Five questions to Jean-Marie Chevalier
‘This report won’t end up gathering dust in a drawer’
Jean-Marie Chevalier, lead author of the French government’s report on oil price volatility, tells EER his work has been ‘warmly received’ by Economy Minister Christine Lagarde. ‘Our work will not be in vain, believe me.’
You’ve painted a pretty worrying picture of the current situation in the sense that all the ingredients are there for the crises of the past to recur. What are the signs of a possible crisis to look out for?
An economic crisis is always bad news. It could happen tomorrow for whatever reason. Everyone was surprised by what happened to Greece. I think that we need to put in place alert signals but that’s beyond my remit. When the price of oil soared to $147 per barrel, people put that down to speculative movements and then when it collapsed to $30 per barrel, people said that it was because of the economic and financial crisis. But now look. Today it has climbed back up to $80 per barrel, in total contradiction to the physical fundamentals. There’s a dichotomy between the physical and financial realities and the relationship between the two is not something that can be modelled.
Hasn’t the oil market as a whole ultimately become too complex to be fully understood?
This report made it possible to highlight that the dynamic relationship between the physical and financial fundamentals of the oil markets ends up in what can be called an almost mechanical volatility.
|It’s a fact that toughening up regulations is technically very complicated and powerful lobbies are opposed to it|
How are actions on regulation being coordinated between Europe and the US?
The oil markets are under US control, even in Europe, so US rules are the ones that really matter. It is therefore up to the English-speaking world to regulate physical markets but I see that they do not necessarily agree. Washington wants explicit rules while London wants implicit rules. Behind these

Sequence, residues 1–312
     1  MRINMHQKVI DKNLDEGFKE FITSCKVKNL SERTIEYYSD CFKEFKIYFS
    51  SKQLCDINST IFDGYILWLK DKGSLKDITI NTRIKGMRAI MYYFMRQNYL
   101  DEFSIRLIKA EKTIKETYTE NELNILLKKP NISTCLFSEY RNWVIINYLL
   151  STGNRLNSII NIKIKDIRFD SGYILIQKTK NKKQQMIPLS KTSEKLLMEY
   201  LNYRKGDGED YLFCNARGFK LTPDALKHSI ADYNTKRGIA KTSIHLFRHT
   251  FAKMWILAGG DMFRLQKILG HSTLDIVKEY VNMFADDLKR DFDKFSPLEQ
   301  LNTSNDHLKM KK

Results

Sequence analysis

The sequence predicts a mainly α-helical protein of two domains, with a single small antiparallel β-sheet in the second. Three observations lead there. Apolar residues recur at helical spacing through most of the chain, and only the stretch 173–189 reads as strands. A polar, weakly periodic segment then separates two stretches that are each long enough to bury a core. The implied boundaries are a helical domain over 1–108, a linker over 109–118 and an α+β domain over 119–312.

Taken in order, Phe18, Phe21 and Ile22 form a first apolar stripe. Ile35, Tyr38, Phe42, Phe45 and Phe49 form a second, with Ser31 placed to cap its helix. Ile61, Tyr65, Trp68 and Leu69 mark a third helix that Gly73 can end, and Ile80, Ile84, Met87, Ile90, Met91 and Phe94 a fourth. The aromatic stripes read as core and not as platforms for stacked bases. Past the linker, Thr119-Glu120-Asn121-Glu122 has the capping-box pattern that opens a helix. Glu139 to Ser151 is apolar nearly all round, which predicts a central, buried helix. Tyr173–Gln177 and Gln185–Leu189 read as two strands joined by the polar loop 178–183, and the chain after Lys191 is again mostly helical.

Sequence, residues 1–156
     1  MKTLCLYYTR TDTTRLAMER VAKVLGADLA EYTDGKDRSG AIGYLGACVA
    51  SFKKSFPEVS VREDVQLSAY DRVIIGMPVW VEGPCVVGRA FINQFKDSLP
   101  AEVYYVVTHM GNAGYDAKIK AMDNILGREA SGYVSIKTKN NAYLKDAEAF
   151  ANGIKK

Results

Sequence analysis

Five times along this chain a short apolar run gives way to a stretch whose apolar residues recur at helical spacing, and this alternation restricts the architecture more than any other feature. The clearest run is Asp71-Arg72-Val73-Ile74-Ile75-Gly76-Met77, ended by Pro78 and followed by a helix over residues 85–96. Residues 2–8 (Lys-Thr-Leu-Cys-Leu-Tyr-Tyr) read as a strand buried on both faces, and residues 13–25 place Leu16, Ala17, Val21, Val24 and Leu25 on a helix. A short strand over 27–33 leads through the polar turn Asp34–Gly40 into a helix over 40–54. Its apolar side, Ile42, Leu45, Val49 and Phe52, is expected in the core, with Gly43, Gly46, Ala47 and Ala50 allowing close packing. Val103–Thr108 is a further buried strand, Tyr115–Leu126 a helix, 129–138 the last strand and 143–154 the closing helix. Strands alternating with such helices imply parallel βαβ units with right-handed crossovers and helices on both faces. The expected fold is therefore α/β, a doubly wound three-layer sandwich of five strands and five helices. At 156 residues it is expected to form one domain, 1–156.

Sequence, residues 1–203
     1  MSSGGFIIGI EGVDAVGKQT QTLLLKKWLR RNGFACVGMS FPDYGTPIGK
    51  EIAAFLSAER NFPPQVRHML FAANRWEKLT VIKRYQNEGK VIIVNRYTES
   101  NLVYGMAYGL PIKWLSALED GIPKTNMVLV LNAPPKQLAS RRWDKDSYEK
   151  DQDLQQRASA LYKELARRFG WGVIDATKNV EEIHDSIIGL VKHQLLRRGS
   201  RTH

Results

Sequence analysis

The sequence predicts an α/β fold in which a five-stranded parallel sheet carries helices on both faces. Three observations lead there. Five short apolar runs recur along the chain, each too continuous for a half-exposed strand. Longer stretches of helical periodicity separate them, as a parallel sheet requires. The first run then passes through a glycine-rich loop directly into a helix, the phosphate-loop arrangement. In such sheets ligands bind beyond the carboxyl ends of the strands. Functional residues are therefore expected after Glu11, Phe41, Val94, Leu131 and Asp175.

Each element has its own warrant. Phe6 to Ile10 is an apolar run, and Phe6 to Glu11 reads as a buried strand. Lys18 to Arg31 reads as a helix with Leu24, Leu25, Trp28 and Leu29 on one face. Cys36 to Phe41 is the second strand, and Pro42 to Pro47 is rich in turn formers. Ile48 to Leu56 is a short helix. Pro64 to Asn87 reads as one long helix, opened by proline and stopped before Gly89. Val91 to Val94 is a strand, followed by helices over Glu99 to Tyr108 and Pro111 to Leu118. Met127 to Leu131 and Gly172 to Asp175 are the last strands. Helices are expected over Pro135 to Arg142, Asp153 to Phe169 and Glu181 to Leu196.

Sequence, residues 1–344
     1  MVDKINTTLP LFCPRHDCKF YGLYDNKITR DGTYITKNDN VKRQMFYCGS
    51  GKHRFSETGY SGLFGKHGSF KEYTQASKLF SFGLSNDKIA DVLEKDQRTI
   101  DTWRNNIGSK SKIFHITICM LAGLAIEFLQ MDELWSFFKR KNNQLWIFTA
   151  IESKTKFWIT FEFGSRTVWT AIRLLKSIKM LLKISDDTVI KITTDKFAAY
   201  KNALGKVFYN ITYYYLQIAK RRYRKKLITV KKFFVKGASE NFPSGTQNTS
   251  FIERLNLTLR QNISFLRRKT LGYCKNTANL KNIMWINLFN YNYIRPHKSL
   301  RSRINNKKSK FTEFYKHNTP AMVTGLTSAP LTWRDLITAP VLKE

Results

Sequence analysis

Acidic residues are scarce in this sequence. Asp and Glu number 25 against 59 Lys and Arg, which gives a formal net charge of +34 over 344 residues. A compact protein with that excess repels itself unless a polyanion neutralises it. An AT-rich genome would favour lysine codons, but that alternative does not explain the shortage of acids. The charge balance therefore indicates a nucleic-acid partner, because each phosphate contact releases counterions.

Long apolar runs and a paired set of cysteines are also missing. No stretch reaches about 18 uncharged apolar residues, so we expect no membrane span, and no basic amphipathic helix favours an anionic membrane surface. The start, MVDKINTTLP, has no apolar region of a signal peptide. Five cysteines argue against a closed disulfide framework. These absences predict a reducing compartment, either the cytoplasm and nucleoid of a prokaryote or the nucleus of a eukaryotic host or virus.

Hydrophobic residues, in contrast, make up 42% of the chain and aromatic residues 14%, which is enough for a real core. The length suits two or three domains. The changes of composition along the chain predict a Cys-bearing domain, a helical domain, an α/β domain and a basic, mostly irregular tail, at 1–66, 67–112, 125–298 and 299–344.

|The French Economy Minister Christine Lagarde intends to circulate this report very widely and even personally to key stakeholders around the world|
How likely is it that real action will be taken?
Well, two working groups have tackled the subject. Ours and a group of seven experts from the International Energy Forum (IEF). We have fairly similar analyses. We have examined the problem and specific actions can be taken at European and international level. It won’t all be in vain, believe me. This report won’t end up gathering dust in a drawer. The French Economy Minister Christine Lagarde gave it a very positive reception. She intends to circulate it very widely and even personally to key stakeholders around the world. It’s important to take a position now because we don’t know too well where initiatives on the regulation of financial markets are heading. It’s a fact that toughening up regulations is technically very complicated and powerful lobbies are opposed to it. France has a strong and tough position, especially on limiting speculation on Credit Default Swap derivatives (CDS). That’s similar to the position held by Gary Gensler, the president of CFTC.
What would be the impact and feasibility of using strategic stocks to counter or prevent speculative bubbles?
It sounds like a good idea but it isn’t. Strategic stocks do not have so much impact when there are big fluctuations in price. And what would happen if you were forced to get rid of stocks to such a point that you didn’t have any more stocks? Financial sharks are ready to push countries to the limit. So this
|EU is one of the major hubs for unprocessed oil and refined products but it suffers from a huge lack of transparency|
Who is Jean-Marie Chevalier?
Jean-Marie Chevalier is currently Professor of Economics at the University of Paris-Dauphine, Director of the Centre de Géopolitique de l’Energie et des Matières Premières (CGEMP). He is also a Senior Associate at Cambridge Energy Research Associates (IHS/CERA, Paris office), member of the Conseil d’Analyse Economique (CAE) of the French Prime Minister, member of the Cercle des Economistes and member of the Board of Directors of Nexans. He has published numerous books and articles on energy economics and industrial organization. The most recents are : Les grandes batailles de l’énergie (2005), Les marchés européens du gaz et de l’électricité : un défi pour l’Europe et pour la France (avec J. Percebois Rapport du CAE, 2008), Les 100 mots de l’énergie (2008), The New Energy Crisis: Climate, Economics and Geopolitics (2009). In October 2009, Christine Lagarde, French Minister of Economy, Industry and Employment asked Chevalier to chair a working group on oil price volatility. The report was presented in February 2010.
This interview accompanies our article France declares war on oil speculators.